If you take a glance at Princess Ariel, from The Little Mermaid, you will find a mermaid with a tiny waist, large breasts and long flowing red hair. All the Disney Princesses have the same in body structure and are under twenty years old, from Snow White all the way down to the newest Princess Merida from Brave. Few young girls look-like that at sixteen. Disney has repeatedly portrayed teen girls as far more mature in body stature. Princess Jasmine from Aladdin walks around with her mid-drift out and perfectly toned abs to go along with her tiny waist. I have a younger sister, so it concerns me that she gravitates to these films as a way to define how her appearance should look. This would be fine if these young women were twenty-two or older, but it is harsh to make young adolescent women believe that their body is going to look like their favorite princess. To make it even worse Disney confirms this belief in the movie Mulan, while singing a song preparing Mulan to meet the match-maker, “Men prefer women obedient with a tiny waist”. Why does Disney have to represent women in this connotation of being glued to the culturally accepted body type? Yet there are corporations that have a different aspect of the female figure. If you look at Dream Works Studios, they have films that have more realistic body shapes, for example in Shrek with their protagonists. Princess Fiona in the film does not have the perfect body but one that she loves and her husband Shrek does too. Even further than that DreamWorks studios amplifies characters insecurities and faults unlike Disney to make their characters seem more realistic.
One thing that Disney conveys well is the idea of love and loss. It was a tragedy in Bambi, when he lost his mother to the shot of a hunter and has to learn to rejoin the community without her and learn to become a man without her as well as become accustomed to his father being around. Love and loss is when you experience the loss of a loved one and have to recover from it in addition to adjusting to living without them. It is also the ability to cope and adapt to the changes that their loved one is not returning. In these Disney movies where love and loss occurs it to usually a young child like Simba in The Lion King when Mufasa dies or Nemo in Finding Nemo when he is abducted. The children feel lost and lose a sense of direction. Yet while dealing with the loss in the films there is usually an adoption phase in the film where other people help the child deal with the loss and keep moving forward in life. This creates the now “Modern Family”, in our modern society. During this period of a family or community takes in the child due to loss, or because the people are accepting of the child’s ordeals and aid the child in getting back to a normal state of well-being. An illustration of this is when Timon and Pumbaa adopt Simba and teach him Hakuna Matata. These characters are similar to a gay couple adopting a young child and raising them. While in Finding Nemo and Bambi it is more of a community adopting a child than a couple, yet these are closer to the actual families that exist in our society today. They teach the child skills that they will need to learn to survive in their new environment without their loved one. These movies are providing a great way to transition into a new era of Disney films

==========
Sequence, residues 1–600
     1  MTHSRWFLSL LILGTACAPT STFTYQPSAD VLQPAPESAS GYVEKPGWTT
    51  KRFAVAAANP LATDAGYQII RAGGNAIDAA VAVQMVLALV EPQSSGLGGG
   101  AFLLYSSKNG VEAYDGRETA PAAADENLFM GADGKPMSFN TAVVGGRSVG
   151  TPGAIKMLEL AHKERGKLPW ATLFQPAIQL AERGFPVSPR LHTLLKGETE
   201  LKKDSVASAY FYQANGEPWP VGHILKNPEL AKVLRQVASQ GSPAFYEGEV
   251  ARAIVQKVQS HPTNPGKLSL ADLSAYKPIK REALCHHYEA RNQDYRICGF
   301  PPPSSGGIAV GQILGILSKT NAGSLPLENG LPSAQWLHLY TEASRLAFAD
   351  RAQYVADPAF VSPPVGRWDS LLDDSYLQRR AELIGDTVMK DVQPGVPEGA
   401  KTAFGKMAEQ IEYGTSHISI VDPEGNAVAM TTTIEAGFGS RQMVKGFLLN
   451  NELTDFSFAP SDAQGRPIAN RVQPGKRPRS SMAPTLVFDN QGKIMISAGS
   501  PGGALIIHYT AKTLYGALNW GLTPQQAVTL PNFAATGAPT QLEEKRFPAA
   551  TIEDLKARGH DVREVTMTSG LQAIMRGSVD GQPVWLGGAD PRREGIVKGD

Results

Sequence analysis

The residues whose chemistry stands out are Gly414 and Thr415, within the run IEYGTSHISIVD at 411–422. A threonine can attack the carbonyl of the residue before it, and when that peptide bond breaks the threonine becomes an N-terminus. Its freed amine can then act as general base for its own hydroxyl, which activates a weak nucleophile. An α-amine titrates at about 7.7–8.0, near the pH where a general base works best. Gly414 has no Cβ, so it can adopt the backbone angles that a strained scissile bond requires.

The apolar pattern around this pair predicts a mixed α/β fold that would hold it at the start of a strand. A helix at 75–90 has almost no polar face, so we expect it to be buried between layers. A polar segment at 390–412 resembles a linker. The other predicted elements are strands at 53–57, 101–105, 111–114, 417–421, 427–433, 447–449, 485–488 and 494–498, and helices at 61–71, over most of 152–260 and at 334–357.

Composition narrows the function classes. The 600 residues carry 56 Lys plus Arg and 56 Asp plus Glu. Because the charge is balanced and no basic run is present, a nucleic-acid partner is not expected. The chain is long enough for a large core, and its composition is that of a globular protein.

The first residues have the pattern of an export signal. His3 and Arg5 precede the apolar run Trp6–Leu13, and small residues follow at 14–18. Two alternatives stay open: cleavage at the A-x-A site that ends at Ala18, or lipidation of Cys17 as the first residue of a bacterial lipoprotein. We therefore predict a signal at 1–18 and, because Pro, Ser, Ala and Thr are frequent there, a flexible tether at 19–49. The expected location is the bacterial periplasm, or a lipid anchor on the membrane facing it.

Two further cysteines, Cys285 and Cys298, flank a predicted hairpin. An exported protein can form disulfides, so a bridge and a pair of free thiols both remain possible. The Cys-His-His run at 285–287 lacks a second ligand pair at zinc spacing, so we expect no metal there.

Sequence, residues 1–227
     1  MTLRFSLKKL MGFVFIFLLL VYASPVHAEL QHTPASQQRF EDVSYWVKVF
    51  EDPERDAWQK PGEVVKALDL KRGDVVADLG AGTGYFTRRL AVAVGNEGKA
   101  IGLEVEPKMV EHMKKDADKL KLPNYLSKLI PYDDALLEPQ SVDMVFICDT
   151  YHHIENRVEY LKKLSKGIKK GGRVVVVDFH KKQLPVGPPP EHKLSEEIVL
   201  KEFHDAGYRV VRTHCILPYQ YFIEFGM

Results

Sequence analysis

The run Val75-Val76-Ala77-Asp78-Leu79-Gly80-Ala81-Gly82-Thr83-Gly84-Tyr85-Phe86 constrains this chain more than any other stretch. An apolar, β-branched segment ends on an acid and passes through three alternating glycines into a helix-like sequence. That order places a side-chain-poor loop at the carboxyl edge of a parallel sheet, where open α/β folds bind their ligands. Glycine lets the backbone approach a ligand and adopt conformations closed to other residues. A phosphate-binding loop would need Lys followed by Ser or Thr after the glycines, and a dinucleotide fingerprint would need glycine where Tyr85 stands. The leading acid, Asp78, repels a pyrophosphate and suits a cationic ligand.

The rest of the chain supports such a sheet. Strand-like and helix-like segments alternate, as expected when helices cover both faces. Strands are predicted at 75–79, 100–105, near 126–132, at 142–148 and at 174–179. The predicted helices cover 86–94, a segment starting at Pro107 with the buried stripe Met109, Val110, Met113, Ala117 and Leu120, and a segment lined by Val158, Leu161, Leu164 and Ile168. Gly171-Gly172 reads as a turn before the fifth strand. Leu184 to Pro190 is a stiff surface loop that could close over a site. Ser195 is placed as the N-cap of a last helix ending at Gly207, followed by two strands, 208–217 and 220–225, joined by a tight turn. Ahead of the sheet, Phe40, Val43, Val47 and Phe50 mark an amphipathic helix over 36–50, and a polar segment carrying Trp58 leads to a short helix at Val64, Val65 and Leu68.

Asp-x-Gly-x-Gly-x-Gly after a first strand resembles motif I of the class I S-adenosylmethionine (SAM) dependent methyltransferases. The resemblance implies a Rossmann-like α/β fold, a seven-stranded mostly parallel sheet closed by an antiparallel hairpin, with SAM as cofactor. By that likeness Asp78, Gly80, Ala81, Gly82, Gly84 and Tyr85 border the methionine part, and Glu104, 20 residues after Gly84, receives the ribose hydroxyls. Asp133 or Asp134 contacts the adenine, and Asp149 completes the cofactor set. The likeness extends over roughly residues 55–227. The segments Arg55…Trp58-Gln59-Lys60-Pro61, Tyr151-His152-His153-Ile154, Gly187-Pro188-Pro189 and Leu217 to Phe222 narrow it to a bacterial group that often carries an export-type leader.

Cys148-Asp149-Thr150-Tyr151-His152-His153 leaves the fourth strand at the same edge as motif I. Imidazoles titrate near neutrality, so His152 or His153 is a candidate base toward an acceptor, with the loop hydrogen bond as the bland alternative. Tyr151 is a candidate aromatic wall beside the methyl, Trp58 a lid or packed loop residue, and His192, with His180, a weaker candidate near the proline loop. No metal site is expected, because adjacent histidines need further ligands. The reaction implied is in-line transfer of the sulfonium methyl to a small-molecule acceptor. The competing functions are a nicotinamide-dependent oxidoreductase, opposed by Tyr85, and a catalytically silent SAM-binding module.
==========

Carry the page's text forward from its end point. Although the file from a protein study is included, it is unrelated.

These classic films not only carry stereotypes, morals and factors of factual life but they also give us common ground. In my family we spend many holidays and together time quoting these movies. At this prior Thanksgiving we spent time while cooking “speaking whale” like in Finding Nemo while simultaneously relating the back story to The Lion King. To show you how crazy we look while speaking whale I inserted the original clip from the movie.These films have material that is great for all ages with the jokes and the ideal of simple delicate stories that are relatable to people in all wakes of life. The issue is that there are these stereotypes that happen to be portrayed in these films. As children we pay little attention to the differences in the characters or why the villains are evil. It is just simply viewed and enjoyed yet when you become an adult they it is an astonishing realization of these perpetuating stereotypes. As an audience we must do as Jiminy Cricket says in Pinocchio, “Always let your conscience be your guide.”
While these classic Disney films are amazing and captivating, they have messages that we eventually start to carry with us. These movies have given us these safety nets of thought and believable reality and Disney is making an conscious effort to edit there train of thought away from these stereotypes, yet there are somethings that will not happen to us in our life time